Documents that are ‘text based’ are typically very ‘skinny and tall’. Thus, as the user zooms out from a document (83), the parts of the document above (83) and below (84) the current position will be laid out from left to right, top to bottom. For a document that contains paging information, borders can be placed around the pages.
In one embodiment, the tiling layout is determined and defined only when the document is first opened or the size of the full document is changed. The document is then laid out according to the most effective use of the available space while in the full (zoomed out) document view. If insufficient pages are available to split the document for tiling, the user may be prompted for confirmation before tiling occurs and the single available ‘page’ is split in two. For example a panoramic photo is effectively ‘one page’, and therefore the user will be first asked if they want the image split before tiling occurs.
As per the perpetual scrolling and zoom modes, during tiling the user may perform a ‘fling out’ (as described above) which will zoom to the maximum available extent, or a ‘fling in’—to cancel the previous zooming and return to the original position. The above described scrolling, zooming and tiling embodiments possess several advantages over the prior art.
Having the ‘locked scrolling mode’ activated by an independent nib point (53) as opposed to a dedicated button provides enhanced ergonomics, particularly as this mode would typically be maintained over long periods of time (e.g. reading and scrolling a long document or web page) and it is therefore desirable to use the least sustained force necessary. Perpetual scrolling avoids the user having to perform a ‘pick-up, put-down’ action when the device (1) reaches the end of its physical movement (e.g. the edge of a mouse-pad). As the size of the ‘circle’ the user physically ‘draws’ is variable, they are able to have a large degree of control of the amount of the scrolling, i.e. to scroll faster, larger circular movements can be made.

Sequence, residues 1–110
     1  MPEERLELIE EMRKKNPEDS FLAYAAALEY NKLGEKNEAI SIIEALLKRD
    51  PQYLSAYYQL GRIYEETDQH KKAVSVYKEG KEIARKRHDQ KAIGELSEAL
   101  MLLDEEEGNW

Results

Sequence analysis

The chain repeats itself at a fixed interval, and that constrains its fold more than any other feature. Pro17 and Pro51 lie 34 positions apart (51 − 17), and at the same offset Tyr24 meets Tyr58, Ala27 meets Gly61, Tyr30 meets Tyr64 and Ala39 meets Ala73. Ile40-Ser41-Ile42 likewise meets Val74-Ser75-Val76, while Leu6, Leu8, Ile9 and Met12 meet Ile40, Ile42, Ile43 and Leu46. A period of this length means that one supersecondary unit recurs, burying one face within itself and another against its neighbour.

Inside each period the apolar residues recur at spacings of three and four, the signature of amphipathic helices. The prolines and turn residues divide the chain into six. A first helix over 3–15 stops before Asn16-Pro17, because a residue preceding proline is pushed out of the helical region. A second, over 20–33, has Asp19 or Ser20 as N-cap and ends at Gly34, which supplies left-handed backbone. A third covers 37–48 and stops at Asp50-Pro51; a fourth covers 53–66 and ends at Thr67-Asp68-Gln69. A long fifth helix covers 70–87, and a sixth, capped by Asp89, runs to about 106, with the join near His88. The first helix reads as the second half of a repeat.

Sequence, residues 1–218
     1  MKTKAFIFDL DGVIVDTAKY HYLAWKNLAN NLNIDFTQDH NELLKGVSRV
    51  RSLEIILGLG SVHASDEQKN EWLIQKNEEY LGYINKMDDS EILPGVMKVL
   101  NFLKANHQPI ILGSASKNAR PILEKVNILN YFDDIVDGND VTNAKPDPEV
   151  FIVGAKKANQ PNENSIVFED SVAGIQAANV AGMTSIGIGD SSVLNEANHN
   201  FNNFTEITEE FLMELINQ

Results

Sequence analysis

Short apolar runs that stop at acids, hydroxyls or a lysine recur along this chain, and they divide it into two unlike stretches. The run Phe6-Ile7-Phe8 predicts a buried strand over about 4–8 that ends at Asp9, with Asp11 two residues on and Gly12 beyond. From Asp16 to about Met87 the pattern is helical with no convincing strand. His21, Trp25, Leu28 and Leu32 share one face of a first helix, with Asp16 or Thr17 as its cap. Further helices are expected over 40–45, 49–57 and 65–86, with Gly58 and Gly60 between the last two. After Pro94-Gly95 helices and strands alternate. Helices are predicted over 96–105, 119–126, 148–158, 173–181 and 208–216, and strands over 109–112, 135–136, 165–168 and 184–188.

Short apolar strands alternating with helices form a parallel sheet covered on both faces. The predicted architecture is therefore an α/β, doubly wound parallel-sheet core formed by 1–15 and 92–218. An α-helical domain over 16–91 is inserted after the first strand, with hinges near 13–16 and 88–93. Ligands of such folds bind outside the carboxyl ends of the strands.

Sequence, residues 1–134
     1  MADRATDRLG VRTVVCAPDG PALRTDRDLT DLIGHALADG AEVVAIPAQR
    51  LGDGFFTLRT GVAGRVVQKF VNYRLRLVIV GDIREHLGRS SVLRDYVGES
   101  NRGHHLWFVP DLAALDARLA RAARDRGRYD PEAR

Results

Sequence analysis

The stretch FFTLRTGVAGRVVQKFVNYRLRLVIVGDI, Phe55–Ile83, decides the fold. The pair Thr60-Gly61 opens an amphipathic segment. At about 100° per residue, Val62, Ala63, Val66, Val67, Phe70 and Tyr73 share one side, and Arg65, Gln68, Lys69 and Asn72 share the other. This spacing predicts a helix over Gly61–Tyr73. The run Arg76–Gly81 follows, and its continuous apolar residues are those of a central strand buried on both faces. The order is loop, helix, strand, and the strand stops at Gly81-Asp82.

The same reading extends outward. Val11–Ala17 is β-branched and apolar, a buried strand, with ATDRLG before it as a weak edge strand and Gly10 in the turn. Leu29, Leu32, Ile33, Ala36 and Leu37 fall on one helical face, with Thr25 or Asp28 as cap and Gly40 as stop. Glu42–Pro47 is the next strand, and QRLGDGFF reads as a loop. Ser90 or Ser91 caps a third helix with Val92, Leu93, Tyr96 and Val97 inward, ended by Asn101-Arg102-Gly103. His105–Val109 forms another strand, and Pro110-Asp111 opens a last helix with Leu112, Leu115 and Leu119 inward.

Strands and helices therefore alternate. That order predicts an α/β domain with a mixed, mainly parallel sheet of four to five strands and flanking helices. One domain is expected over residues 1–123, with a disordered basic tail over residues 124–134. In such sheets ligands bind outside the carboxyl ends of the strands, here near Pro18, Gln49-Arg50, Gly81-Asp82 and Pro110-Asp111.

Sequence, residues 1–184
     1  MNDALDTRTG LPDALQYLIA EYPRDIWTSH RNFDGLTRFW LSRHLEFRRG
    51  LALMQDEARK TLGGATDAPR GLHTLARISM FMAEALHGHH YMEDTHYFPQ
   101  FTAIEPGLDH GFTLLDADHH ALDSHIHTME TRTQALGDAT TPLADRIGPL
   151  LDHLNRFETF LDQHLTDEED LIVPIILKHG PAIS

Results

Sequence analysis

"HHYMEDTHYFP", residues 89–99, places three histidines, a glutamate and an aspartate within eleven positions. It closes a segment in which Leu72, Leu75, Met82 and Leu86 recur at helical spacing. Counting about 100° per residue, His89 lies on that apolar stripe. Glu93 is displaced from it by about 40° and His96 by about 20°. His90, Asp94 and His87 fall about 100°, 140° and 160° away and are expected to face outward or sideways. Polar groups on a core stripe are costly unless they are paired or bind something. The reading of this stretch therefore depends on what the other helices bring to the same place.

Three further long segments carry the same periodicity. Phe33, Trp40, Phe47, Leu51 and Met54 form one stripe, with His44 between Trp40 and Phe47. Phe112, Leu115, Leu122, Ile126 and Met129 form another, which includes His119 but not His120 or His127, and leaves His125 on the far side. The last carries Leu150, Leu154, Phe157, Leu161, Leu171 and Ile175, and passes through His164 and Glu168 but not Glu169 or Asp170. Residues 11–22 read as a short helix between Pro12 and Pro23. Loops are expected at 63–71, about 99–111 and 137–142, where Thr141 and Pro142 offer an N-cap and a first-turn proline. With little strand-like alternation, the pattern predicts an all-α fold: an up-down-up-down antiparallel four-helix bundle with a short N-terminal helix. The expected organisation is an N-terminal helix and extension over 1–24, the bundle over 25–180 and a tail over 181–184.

Although scroll wheels are very popular for reading documents, they are only well suited to one type of scrolling, i.e., document reading. Scroll wheels also only possess 50% efficiency in converting device (1) movement into device movement information as half of the index finger movement is wasted in ‘repositioning’ (moving the finger back to the top). In contrast the nib point method has 100% efficiency i.e. all device (1) movement is translated into scrolling movement, as well as possessing a much greater range of scrolling speeds, and directions.
Having a dedicated contact sensor (and finger or thumb) that permits a conventional left mouse click to remain in a ‘click and hold’ position, allows the user to make very efficient ‘large selections’ that require scrolling. This is due to the selection process (by clicking and holding the left mouse button (7) or equivalent) and the scrolling/zooming process (using the nib point (53)) being independent. Making selections larger than the visible window are therefore greatly enhanced. Applications such as spreadsheets also benefit due to the effective scrolling in X-axis as well as the Y-axis. Similarly, a ‘large selection’ operation extending beyond the currently viewed document is readily performed.